Toxic river: Dr Harry Gibbs addresses yesterday’s meeting on the dangers of agrochemicals.
Toxic river: Dr Harry Gibbs addresses yesterday’s meeting on the dangers of agrochemicals. Jay Cronan

Chemicals wipe out oyster industry

A MASSIVE oyster population that once thrived in the Richmond River at Ballina had been wiped out by agrochemicals washed off farming properties in the catchment area, a meeting in Lennox Head was told yesterday.

The 100 or so people gathered at Opes Restaurant heard from aquatic veterinarian Matt Landos how the town had once been called Boolinah, or place of many oysters.

But since the 1970s it was impossible for oysters, and most other fish species, to survive in the polluted waters, he said.

Lismore Base Hospital’s director of cardiology, Dr Harry Gibbs, outlined the possible threat to humans from low-level, but long-term exposure to such chemicals in the region’s waterways.

He said most pesticides worked by preventing insects’ nerves from communicating with one another. By building up in the human body they damaged our nervous systems too.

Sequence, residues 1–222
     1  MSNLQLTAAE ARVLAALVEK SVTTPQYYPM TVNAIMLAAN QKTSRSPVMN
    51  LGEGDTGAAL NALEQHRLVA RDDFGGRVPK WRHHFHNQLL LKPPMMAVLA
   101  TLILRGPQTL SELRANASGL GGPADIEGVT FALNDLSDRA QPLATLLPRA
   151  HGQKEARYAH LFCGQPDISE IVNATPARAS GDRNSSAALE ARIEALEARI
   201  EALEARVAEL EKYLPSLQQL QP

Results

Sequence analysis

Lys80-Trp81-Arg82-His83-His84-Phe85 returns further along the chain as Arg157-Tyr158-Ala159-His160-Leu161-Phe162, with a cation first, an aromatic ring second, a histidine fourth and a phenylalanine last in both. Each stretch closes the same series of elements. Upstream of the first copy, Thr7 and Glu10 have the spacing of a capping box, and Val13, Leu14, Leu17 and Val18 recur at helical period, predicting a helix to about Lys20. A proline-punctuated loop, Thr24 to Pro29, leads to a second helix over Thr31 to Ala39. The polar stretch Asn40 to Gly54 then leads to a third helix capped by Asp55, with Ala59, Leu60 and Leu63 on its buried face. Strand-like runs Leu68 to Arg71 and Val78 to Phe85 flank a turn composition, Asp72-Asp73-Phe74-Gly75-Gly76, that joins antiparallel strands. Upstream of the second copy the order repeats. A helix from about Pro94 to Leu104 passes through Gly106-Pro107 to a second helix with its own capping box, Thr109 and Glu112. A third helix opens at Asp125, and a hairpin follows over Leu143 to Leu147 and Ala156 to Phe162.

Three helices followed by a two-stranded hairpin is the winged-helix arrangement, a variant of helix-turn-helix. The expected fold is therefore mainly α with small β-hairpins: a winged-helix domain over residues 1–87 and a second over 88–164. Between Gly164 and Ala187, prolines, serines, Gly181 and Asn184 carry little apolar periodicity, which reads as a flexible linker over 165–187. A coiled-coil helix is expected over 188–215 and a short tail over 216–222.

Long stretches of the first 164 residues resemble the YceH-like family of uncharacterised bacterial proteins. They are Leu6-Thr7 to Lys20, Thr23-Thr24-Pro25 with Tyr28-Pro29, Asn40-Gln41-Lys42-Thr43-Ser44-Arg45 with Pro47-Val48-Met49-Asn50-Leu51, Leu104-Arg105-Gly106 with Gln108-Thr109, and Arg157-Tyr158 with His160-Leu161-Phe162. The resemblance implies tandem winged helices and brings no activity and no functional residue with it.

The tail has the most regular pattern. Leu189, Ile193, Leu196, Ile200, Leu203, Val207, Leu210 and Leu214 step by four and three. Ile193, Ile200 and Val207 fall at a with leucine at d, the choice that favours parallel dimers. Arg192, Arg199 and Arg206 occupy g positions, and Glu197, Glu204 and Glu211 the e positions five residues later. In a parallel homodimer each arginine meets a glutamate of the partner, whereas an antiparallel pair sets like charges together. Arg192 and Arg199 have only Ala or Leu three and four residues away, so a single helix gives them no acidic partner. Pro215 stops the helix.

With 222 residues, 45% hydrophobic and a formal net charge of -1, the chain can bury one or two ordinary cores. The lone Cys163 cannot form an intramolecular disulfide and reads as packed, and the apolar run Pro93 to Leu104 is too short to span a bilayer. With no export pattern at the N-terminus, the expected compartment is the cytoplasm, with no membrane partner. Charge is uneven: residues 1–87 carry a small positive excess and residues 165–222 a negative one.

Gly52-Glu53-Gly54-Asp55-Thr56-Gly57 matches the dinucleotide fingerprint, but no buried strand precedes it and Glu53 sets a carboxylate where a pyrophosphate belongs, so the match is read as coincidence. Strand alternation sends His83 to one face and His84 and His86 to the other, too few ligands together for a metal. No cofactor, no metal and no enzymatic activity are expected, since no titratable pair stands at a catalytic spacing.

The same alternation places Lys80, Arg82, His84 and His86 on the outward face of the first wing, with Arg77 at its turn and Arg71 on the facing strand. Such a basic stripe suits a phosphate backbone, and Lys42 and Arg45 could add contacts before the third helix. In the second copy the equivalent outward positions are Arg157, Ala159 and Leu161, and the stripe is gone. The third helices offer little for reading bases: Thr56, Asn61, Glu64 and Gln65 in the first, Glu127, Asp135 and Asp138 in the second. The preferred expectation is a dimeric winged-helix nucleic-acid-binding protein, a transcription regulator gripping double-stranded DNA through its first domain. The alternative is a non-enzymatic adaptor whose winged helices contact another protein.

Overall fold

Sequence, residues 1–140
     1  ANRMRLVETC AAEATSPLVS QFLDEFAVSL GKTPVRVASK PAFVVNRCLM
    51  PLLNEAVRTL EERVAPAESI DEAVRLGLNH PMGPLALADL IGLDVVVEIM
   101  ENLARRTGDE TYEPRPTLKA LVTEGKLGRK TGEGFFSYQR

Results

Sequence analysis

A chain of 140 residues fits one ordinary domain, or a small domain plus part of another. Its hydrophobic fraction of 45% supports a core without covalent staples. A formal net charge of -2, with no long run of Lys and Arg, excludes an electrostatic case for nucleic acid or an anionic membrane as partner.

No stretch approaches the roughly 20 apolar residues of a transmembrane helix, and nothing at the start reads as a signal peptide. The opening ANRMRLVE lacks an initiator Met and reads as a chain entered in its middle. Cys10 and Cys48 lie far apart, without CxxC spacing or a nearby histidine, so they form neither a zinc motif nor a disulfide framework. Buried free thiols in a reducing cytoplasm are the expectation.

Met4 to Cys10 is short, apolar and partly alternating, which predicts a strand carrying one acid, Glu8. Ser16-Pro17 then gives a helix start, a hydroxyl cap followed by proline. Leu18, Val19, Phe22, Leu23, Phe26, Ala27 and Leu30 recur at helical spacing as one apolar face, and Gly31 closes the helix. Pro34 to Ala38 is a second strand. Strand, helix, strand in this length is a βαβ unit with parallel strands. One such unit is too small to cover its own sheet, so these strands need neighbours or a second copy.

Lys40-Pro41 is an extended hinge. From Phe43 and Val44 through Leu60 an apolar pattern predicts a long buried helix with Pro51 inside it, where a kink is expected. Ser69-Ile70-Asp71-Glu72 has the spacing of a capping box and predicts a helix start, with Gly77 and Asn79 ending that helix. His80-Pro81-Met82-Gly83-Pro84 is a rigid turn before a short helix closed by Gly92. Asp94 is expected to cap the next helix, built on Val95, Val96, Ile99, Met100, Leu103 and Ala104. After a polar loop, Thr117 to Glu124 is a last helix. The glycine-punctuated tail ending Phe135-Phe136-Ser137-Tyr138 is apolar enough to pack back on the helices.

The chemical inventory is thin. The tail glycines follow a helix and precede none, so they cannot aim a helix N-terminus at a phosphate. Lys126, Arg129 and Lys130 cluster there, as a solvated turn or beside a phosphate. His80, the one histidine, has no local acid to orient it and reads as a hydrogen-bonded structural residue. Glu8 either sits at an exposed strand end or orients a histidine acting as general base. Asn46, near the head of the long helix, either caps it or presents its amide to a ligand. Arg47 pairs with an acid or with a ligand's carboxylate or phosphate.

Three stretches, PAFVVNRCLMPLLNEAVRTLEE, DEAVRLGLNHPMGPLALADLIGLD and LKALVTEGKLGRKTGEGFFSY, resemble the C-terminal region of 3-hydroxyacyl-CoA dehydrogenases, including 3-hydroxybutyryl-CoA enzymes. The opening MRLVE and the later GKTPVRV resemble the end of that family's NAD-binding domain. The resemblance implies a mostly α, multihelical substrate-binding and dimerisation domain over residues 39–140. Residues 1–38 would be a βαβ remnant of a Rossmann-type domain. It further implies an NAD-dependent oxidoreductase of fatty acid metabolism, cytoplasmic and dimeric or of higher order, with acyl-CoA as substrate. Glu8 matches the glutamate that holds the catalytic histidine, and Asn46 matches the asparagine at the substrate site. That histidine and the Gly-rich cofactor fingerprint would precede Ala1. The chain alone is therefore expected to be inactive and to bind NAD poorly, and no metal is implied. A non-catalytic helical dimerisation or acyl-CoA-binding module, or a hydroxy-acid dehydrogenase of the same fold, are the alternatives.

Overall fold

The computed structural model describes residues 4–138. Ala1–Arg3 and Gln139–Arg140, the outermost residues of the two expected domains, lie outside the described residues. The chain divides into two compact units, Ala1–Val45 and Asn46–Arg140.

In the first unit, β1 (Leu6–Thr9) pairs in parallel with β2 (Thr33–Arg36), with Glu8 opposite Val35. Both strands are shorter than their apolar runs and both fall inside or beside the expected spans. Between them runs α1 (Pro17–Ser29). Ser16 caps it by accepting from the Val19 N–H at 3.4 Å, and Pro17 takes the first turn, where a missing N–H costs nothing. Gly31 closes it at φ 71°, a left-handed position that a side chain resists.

Dr Gibbs said links had been made between exposure to organophosphates and conditions such as ADHD in children, and Alzheimer’s and Parkinson’s diseases.

He was also concerned by studies that showed disruptions to the hormonal system, several cancers, including of the prostate, and birth defects caused by agrochemicals.

“We don’t know exactly what harm is being done to Australians, but we are taking significant risks until we do know,” Dr Gibbs said.

Dr Landos said the Richmond River had not recovered from the upsurge in intense horticulture in the area since the 1970s, including sugarcane, macadamia, avocado and low-chill stone fruit farming.

The levels of harmful chemicals in the river and in Emigrant Creek were alarming, he said, killing sea grass, turning male frogs into hermaphrodites and reducing the fertility of female fish.

He said possible solutions included buying macadamia growers off-set mowers and encouraging them to plant smother grass, paying cane farmers to put constructed wetlands in place, and buying organic produce.

“The river can recover and improve itself,” he said.

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